“You should never be afraid of being afraid. Fear is a part of life, and can be very healthy, especially when you realise that in a life-threatening situation, it’s possible to rise above panic and maintain control of rampaging emotions. That’s what being fearless really is: not the absence of fear, but the acceptance of it. It’s a good lesson to learn, because – and I know this from experience – you’re never too old to get scared.” 

It's been 35 years since J.R. did his first solo trek, and since then he’s discovered faraway places in over 50 countries by simply putting one foot in front of the other. Now he is an Emeritus Member of the Explorers Club, and on the Board of Directors and Chair of the Club’s Diversity, Equity and Inclusion Committee. He’s also been busy sharing his experiences, which you can explore on his, by reading his book “Way Out There, Adventures of a Wilderness Trekker”, or checking out the short film “Born Curious”.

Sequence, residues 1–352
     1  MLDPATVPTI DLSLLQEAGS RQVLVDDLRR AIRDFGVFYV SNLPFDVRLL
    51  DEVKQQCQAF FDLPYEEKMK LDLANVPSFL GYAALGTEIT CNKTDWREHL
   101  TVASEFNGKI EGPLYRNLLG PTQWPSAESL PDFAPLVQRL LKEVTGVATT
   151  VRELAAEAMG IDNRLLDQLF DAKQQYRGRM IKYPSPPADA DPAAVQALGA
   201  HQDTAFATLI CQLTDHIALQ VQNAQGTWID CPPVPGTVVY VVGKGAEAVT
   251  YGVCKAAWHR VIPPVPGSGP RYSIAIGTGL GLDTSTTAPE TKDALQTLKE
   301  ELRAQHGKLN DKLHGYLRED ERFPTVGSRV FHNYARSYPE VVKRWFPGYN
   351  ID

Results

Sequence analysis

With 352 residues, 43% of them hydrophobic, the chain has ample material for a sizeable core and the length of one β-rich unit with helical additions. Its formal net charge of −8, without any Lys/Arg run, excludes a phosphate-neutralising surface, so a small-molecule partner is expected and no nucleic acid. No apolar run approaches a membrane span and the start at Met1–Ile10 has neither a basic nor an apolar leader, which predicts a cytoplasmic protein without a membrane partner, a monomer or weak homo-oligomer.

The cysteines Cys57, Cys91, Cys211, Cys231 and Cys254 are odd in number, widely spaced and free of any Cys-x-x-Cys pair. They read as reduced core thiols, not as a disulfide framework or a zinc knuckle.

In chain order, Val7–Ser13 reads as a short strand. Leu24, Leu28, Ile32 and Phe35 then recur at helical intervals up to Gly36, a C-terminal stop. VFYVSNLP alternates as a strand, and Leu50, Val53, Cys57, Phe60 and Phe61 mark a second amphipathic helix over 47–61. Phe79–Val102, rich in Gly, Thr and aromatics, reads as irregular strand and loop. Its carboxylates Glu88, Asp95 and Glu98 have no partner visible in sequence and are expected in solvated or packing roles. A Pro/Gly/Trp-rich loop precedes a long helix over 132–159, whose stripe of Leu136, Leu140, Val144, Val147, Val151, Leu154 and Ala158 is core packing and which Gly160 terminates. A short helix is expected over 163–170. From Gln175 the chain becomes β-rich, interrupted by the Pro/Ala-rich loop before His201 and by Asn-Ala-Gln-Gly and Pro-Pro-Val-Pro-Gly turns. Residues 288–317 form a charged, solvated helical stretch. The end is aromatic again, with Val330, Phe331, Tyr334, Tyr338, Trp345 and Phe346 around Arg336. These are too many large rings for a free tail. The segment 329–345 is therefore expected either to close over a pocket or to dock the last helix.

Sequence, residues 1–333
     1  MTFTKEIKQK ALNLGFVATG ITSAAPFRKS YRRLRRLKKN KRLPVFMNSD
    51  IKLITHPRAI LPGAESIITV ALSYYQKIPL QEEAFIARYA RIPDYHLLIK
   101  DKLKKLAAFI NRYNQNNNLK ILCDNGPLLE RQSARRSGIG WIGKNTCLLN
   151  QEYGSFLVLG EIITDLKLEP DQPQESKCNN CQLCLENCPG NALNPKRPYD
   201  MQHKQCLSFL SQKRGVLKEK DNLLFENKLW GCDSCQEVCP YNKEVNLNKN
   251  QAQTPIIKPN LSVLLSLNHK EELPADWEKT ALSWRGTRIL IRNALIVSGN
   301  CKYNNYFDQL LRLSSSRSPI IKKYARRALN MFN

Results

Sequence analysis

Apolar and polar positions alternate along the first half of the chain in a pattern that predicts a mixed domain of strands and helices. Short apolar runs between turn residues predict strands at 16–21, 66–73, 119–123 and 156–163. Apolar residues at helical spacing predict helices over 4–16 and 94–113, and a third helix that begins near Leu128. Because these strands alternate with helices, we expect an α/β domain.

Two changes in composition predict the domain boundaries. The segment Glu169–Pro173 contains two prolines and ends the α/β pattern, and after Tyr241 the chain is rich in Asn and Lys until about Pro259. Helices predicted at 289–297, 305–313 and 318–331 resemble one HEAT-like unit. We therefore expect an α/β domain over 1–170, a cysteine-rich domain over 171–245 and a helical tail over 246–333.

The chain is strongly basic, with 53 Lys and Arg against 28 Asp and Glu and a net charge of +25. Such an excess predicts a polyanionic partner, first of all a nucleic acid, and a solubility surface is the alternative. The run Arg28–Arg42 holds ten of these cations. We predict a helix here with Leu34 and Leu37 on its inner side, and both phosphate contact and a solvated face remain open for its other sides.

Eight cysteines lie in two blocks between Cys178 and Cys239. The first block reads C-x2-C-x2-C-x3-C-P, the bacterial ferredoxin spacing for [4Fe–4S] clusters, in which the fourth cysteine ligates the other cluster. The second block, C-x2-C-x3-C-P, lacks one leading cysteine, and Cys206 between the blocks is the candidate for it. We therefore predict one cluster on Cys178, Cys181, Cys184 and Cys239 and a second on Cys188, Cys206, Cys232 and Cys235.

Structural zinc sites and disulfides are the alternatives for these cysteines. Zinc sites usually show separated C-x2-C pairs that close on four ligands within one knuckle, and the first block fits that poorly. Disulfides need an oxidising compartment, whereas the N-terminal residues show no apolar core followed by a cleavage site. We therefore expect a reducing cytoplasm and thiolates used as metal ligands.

J.R. has no intention of retiring from the trail, because an immense curiosity has always been his driving force. In fact, J.R.’s still eager to discover what looms around the next bend. And will most likely do it alone. 

J.R.’s first-time solo trekking tips 

“I never advise, nor encourage, anyone to go out alone. In fact, I tend to discourage trekking solo, as do most organisations and agencies. You must be confident you can manage adversity on your own, and if you question whether going solo is a smart thing to do, it probably isn’t. That’s my disclaimer. So, if you remain seriously curious and eager, here are my five tips: 

  1. Understand that going solo can be immensely mentally and emotionally challenging. Especially if you’re not used to spending time alone. Be prepared for this.  
  2. Ensure someone knows where you’re going and when you’re expected back. 
  3. Make your first solo trek short, one or two nights maximum, to see how you react. 
  4. Don’t go too remote. Pick a route where you’re likely to see other people, even if infrequently. 
  5. Carry a personal locator beacon device to communicate with if you find yourself in trouble or just need to connect with someone.